CSP is a rare ectopic pregnancy that occurs at the site of a lower uterine segment scar leftover from an earlier cesarean delivery. With the progress of diagnosis, there has been an increase in the incidence of CSP globally in recent years. The worldwide incidence of recurrent CSP reported in the literature is about 14.3%15.6%[18,19]. The cause of recurrent CSP is likely to be multifactorial. Risk factors that have been suggested for the occurrence of CSP include cesarean delivery history, thin lower uterine segment, gestational sac bulging into the uterovesical fold, and early termination (56 days) of the first cesarean scar pregnancy . However, only a few studies reported the incidence and risk factors of recurrent CSP, and most of them include only a small sample. The present study included 1000 CSP patients who were followed up with for 66±19.54 months, and the risk factors of recurrent CSP were evaluated using multivariate statistical analysis. The incidence rate of recurrent CSP is 8.6%, and the risk factors of recurrent CSP were history of ectopic pregnancy (OR=26.565) and prior abortions (OR=1.480), and the incidence of RCSP in patients >35-years-old was lower than that in patients <35-years-old (6.4% vs. 9.8%, P=0.031). The current study investigated risk factors for recurrent CSP and demonstrated several risk factors.
Previous studies suggested that the incidence of recurrent CSP is not related to patient age[6,20-22]. Conversely, the current study showed that the incidence of recurrent CSP in patients >35-years-old was significantly lower than that in patients <35-years-old (P=0.031, OR=0.437) at only 6.4%. This finding may be related to the idea that the fertility ability and desire of patients >35years-old are declined compared to their younger counterparts.
This research showed that abortion was an independent risk factor for recurrent CSP. The incidence of recurrent CSP was positively correlated with the number of previous induced abortions (P=0.013, OR=1.48). The majority of the studies also speculated that the incidence of CSP is related to inflammation and injury. Jauniaux et al.  reported that CSP might be related to unsafe abortion. Prada et al. suggested that the occurrence of CSP is clearly related to a history of uterine surgery and the abnormal implantation of embryos. Lumbiganon et al.  found that 35% of the abortion tissues contained uterine myometrium, and thus, it was hypothesized that most abortion curettage would result in the loss of endometrium. With an increasing number of abortions, the resultant larger area of endometrial and myometrial disruption or scarring could constitute a predisposing factor in abnormal pregnancy implantation. Trophoblast adherence or invasion is enhanced when scant decidualization of the lower uterine segment is impaired by a previous myometrial disruption. The underlying mechanism explicates that scar implantation is the invasion of the myometrium through a microscopic tract that develops from the trauma of early uterine surgery, such as curettage, cesarean section, and myomectomy. Moreover, an unsuitable intrauterine environment for embryo implantation makes the gestational sac more likely to implant at the scar site again.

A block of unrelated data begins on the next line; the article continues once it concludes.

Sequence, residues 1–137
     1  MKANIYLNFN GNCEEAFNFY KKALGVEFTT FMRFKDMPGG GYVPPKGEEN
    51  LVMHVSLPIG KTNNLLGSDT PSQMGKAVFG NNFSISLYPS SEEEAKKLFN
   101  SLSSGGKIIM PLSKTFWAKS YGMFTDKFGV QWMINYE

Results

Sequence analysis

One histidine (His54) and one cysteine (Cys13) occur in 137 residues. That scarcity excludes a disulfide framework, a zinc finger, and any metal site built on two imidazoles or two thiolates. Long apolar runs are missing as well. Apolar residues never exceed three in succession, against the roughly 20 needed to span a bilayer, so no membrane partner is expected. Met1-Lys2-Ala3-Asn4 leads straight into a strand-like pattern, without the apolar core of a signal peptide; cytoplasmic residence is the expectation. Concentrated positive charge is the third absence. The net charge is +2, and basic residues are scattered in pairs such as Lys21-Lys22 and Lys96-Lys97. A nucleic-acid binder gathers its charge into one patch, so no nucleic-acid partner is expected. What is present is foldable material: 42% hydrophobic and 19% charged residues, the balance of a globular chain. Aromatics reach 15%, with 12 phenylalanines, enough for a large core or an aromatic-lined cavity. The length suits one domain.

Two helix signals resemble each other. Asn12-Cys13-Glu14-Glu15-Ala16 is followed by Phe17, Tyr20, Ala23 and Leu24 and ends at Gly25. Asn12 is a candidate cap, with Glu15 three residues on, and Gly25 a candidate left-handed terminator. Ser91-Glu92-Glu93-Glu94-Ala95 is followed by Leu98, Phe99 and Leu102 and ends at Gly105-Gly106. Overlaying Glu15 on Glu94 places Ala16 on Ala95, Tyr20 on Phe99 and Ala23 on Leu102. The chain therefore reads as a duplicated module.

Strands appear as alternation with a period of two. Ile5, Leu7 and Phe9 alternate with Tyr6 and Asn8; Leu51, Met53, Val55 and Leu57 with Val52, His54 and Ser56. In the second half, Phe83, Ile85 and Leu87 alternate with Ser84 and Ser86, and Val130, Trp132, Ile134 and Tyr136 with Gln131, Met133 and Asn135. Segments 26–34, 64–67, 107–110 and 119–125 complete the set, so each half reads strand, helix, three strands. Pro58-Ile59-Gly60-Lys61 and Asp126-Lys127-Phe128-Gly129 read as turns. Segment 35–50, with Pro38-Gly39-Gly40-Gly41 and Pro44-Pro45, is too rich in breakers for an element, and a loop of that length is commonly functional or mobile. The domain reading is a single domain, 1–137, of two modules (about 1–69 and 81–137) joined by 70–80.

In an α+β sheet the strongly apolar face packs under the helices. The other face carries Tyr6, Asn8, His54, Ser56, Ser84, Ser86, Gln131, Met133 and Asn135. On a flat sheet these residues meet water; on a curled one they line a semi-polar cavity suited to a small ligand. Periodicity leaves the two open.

The present study showed that a woman with a previous ectopic pregnancy was likely to have recurrent CSP (P<0.001, OR=26.565). Currently, none of the studies have reported the correlation between ectopic pregnancy and CSP. Qian et al.  reported the incidence of RCSP in patients with previous ectopic pregnancy was higher than that in patients without previous ectopic pregnancy (4.76% vs. 2.38%), albeit not significantly. The main risk factor for ectopic pregnancy is a pelvic infectious disease, which is primarily caused by ascending infections. We speculated that patients with a previous history of an ectopic pregnancy might often have endometritis, which could lead to an unfavorable uterine environment for the implantation of embryos.